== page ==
Topical Formulation CY-002 Safe and Tolerable in Cutaneous Warts

June 14, 2022
Armand Butera

Armand Butera is the assistant editor for HCPLive. He attended Fairleigh Dickinson University and graduated with a degree in communications with a concentration in journalism. Prior to graduating, Armand worked as the editor-in-chief of his college newspaper and a radio host for WFDU. He went on to work as a copywriter, freelancer, and human resources assistant before joining HCPLive. In his spare time, he enjoys reading, writing, traveling with his companion and spinning vinyl records. Email him at abutera@mjhlifesciences.com.

Data from the first human trial of the topical cream suggests a new approach to treating cutaneous warts in adults.

New data from a randomized, placebo-controlled, first-in-human trial of CY-002 indicated that the topical formulation was safe and tolerable for daily use in patients with cutaneous warts.

The topical treatment CY-002 is a formulation of a novel 27-amino acid alpha-helical tumor membrane-targeting peptide intended to achieve HPV-oriented, immune-targeted treatment in affected patients.

Typically, treatments for cutaneous warts have focused on the destruction of epithelium as opposed to the targeting of HPV-infected keratinocytes.

With this first-in-human proof-of-concept clinical study, an investigative team led by Lisa Pagan, PhD, Department of Dermatology at Leiden University Medical Center, in The Netherlands, explored the safety, tolerability, and efficacy of topical CY-002 in adults with cutaneous warts.

Eligible patients were 18 years or older who were generally healthy with ≥1, ≥3 mm cutaneous warts on the hand. Prior to being treated with the topical formulation, washout of wart-removing products was required for 30-60 days.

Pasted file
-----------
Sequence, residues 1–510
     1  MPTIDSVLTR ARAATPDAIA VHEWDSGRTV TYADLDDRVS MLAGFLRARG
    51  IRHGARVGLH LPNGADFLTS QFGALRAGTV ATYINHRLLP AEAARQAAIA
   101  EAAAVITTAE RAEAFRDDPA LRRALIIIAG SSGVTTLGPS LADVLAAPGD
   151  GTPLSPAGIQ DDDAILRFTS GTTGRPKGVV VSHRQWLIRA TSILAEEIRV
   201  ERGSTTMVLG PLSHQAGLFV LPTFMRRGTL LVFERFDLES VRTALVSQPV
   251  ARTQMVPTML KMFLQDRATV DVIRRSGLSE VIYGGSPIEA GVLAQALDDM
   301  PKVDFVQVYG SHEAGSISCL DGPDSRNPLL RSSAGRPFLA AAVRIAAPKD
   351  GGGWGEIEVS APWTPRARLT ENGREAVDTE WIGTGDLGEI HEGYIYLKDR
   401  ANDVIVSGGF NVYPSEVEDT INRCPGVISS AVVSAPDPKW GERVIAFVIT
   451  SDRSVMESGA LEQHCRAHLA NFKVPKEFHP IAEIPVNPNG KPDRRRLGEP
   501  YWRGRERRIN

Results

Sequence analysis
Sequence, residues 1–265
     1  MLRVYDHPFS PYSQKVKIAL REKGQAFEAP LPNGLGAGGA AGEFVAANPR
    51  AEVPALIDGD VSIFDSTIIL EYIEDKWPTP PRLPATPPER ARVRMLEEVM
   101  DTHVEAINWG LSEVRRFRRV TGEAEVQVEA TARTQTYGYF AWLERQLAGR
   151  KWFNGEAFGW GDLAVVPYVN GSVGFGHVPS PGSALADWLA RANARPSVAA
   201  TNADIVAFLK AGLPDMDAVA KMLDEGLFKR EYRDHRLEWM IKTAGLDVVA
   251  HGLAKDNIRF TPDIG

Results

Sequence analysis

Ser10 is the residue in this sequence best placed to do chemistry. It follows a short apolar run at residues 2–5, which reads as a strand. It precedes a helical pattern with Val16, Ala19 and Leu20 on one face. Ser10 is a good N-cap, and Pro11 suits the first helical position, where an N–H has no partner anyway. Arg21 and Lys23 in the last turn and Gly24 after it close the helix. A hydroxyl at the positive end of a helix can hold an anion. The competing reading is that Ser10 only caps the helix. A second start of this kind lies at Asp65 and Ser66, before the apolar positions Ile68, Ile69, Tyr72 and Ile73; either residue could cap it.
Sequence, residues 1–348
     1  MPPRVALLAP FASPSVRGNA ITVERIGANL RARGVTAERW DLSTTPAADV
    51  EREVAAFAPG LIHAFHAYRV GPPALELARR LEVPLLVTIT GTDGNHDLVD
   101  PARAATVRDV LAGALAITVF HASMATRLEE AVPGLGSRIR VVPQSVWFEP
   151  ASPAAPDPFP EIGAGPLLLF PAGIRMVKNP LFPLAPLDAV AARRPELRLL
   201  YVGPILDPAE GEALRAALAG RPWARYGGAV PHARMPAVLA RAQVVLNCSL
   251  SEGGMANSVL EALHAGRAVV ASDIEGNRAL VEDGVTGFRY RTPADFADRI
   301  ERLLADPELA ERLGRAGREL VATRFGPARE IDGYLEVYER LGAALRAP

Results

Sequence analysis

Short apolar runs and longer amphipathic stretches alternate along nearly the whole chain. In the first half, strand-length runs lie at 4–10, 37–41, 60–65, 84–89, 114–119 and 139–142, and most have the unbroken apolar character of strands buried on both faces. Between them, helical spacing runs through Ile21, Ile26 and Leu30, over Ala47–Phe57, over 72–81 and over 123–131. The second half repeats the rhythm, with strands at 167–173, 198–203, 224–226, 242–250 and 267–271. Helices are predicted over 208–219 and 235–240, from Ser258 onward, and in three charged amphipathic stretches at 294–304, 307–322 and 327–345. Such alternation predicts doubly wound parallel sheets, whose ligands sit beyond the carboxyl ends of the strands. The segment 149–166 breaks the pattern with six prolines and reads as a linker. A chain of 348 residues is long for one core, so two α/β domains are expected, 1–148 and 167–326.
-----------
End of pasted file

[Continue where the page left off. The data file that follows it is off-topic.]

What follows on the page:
Following the washout, patients made weekly visits for the clinical research unit during at-home treatment of 28 days, and were included in 6- and 12-weeks of follow up.

One droplet of 15–30 mg CY-002 1% or placebo cream was applied once daily, followed by overnight occlusion, and treatment adherence, which included safety and efficacy data, was monitored via a mobile e-diary application.

A total of 55 patients were enrolled in the study, 52 of whom completed treatment and 49 who finished follow-up. In all patients, baseline and disease characteristics were similar, though patients on placebo were more treatment-naïve than those treated with CY-002, at 67.9% and 33.3%, respectively (P=0.009).

Of the 28 planned doses of CY-002, the mean home treatment compliance was 27 doses (96.4%) in both groups. Only 2 patients reported mild application site irritation, and adverse events were similar between groups.

Investigators observed that 2 patients (7.7%) achieved full clearance and 4 (15.4%) had clearance ≥1 of treated lesions following CY-002 treatment, while full clearance was observed in 1 (3.8%) patient and 3 (11.5%) patients had clearance ≥1 of treated lesions following placebo.

A ≥50% lesion volume reduction was recorded in 21 CY-002-treated warts (41%) and 13 lesions (25%) following placebo (P = 0.0962), and HPV viral load decreased within the first week after treatment initiation.

The team attributed the high placebo responses to CY-002 group being comprised of few treatment-naïve patients compared to the placebo group.

“A high placebo response was observed in this study and the difference between CY-002 and placebo did not reach statistical significance,” they wrote. “Considering different drug delivery strategies may aid the development of CY-002 for cutaneous warts.”

The study, "Results of a randomized, placebo-controlled, first-in-human trial of topical CY-002 in patients with cutaneous warts," was published online in JEADV.


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